Author Topic: My younger Buff years  (Read 488555 times)

Offline R1SmokeEater

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Re: My younger Buff years
« Reply #45 on: May 13, 2009, 03:44:26 PM »
« Last Edit: May 13, 2009, 03:47:21 PM by R1SmokeEater »

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Re: My younger Buff years
« Reply #45 on: May 13, 2009, 03:44:26 PM »

Offline nfd2004

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Re: My younger Buff years
« Reply #46 on: May 13, 2009, 09:48:41 PM »
I"d certainly like to Thank "r1smokeater" for sharing the two previous You Tube Videos. They do tell stories of what it was like during the War Years in The South Bronx and Bushwick. (Thanks Jamie)
  The month of July, 1977 was probadly the busiest month ever for the FDNY. It was really hot and in the streets of NY it was a common sight to see hydrants open on every street as thousands of gallons of water would flow down the streets, sometimes flooding them. In the ghettos like Brownsville, Bushwick, the Lower East Side, or the South Bronx, this was a real problem. Of course with all these hydrants opened, it certainly would have an affect on fighting fires.
  Around 1976/77, Bushwick was the hot spot. The companies in the neighborhood like E271/L124, E277/L112 were doing over 6,000 runs a year. Somewhere along the line I had heard that 6,000 runs or more was what the FDNY considered to be the Dangerous Magic Number. It meant that the neighborhood was in real trouble. Somewhere around that 1976/77 year, Ladder Cos 112 and 124 were at the top two positions for Runs and workers. By now a lot of the South Bronx had been already burned out and those companies were actually starting to slow down a little. But Bushwick was now where most of the daily fires were.
  Around two weeks before or after the Blackout of July 13, 1977 the FDNYs busiest period of fires in a 36 hour span, The FDNY companies would again battle a historic fire. It would be Engine Co 271 that rolled in first due to what would become a Boro Call, the equlivant of 10 Alarms.
  As I remember it, it was a very hot day and as usual the neighborhood hydrants would all be open. I think it came in as a vacant factory on fire at Myrtle and Knickerbocker Aves. Engs 271, 277, and Lads 124, 112 would be responding on the first alarm. On arrival they found a large four story brick factory, fully involved. As these units prepared to fight this fire, they faced the fact that they had very little water pressure due to all the open hydrants. With very limited water the fire was now spreading to a four story dance hall, accross the street to a church, across another street to a row of occupied four story attached wood frames. Parked cars were burning in the street. By now the fire was spreading in all directions. Companies were called for brand patrol and to shut down as many open hydrants as possible. In the end, I had read that 23 buildings were lost. I went down two days later but I counted a total of 40 buildings lost. Either way, it certainly was a Huge fire that completely wiped out an entire neighborhood. and this within two weeks of the Blackout.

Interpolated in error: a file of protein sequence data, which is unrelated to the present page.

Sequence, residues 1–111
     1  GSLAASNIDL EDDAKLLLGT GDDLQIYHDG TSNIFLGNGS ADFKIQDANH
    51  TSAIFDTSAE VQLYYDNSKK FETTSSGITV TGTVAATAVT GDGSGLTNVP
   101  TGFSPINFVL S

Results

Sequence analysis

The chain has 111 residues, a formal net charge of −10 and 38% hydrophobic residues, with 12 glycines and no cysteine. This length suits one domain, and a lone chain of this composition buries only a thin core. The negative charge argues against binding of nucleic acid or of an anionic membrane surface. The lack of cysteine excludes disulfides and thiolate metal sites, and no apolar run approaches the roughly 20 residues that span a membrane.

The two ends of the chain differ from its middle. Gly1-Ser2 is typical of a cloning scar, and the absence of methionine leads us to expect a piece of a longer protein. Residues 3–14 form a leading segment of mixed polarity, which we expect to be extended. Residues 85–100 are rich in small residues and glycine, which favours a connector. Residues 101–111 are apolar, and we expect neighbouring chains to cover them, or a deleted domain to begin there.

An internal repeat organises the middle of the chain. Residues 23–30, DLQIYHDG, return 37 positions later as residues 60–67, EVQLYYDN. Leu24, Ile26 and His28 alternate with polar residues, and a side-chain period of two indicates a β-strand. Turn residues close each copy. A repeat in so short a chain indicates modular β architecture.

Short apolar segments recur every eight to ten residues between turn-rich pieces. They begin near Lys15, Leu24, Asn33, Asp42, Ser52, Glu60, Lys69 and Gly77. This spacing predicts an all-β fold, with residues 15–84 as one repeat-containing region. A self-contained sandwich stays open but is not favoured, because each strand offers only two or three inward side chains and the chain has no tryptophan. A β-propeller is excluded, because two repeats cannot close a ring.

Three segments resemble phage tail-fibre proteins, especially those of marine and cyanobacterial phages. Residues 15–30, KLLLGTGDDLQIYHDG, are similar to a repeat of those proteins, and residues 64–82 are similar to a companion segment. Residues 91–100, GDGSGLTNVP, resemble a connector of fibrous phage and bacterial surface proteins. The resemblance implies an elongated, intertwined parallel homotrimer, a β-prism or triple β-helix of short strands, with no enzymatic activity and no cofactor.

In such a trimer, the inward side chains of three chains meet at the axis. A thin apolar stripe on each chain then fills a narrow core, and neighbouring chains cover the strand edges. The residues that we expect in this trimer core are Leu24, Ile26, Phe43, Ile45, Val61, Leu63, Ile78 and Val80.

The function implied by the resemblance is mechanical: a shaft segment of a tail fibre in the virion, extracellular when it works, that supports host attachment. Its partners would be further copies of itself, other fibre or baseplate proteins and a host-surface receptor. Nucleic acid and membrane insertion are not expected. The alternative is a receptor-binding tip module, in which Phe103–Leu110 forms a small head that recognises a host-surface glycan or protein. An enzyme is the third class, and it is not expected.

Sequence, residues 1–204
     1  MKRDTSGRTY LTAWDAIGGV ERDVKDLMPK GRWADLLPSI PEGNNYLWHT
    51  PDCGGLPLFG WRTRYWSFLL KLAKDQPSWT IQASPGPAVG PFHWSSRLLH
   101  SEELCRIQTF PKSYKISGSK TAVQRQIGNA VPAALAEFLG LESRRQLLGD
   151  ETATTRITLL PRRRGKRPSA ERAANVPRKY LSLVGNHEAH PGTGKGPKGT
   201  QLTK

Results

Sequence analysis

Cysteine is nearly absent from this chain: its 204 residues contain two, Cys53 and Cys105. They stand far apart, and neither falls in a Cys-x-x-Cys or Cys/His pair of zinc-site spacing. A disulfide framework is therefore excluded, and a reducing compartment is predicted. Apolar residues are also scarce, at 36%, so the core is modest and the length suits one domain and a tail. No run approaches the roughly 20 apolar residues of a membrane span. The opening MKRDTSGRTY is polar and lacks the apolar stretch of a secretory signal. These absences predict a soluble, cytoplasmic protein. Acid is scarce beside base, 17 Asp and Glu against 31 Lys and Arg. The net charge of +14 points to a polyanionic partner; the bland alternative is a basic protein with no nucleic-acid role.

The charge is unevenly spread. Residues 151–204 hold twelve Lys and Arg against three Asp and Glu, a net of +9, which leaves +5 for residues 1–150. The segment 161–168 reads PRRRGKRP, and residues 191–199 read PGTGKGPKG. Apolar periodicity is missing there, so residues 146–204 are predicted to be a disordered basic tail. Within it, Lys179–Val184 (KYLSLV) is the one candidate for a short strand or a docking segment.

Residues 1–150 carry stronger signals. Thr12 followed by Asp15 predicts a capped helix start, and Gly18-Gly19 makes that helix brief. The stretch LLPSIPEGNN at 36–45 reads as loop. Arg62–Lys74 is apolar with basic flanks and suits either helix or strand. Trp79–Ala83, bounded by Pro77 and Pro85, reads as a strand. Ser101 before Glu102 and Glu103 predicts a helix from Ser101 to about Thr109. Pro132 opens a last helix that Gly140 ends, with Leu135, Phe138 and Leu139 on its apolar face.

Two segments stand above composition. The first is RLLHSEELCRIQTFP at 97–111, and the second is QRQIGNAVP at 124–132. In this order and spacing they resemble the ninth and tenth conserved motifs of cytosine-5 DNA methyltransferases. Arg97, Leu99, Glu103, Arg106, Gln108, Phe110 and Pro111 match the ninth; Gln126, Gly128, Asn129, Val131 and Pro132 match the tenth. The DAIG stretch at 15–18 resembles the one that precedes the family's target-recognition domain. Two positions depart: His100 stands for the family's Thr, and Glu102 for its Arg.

A teenager admitted starting the fire in the vacant four story factory building. His only concern was if his picture was going to be in the paper.
  As I read that Engine Co 271 will be closed, its certainly a loss to the neighborhood. I saw that company at so many fires then. Even though I really didn"t know any of the guys in that company, I remember their faces. Alot of times their faces were all sweaty and covered with soot. They"d see me there with the camera and scanner, and they all knew what I was there for. Usually, I"d get a nod, or a thumbs up. I think I was only in that firehouse once. Now that company is closing. Let me tell ya, "they sure did their share work" !!!! I can tell you this: "Engine 271, will be gone, but not forgotten". Certainly not by me.
   The Previous video, with Ron Carritue is a picture of that fire as it spreads across the street to the row frames.
   

Offline dillondotcom

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Re: My younger Buff years
« Reply #47 on: May 13, 2009, 11:05:42 PM »
Damn, the first video wont work on my computer.

Offline Bulldog

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Re: My younger Buff years
« Reply #48 on: May 13, 2009, 11:41:21 PM »
Just for everyone's information to watch the video on the last page you need to right click on it and watch it in YouTube, the ability to run it embedded has been disabled. 

Offline nfd2004

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Re: My younger Buff years
« Reply #49 on: May 14, 2009, 09:02:26 AM »
Bulldog, maybe you can help us a little more regarding the video on the previous page. I followed your instructions by clicking on the lower right where it says: "You Tube", but this time all I get is the sound which is music. "NO PICTURE". I thought maybe it was just my computer. But I still can not play it.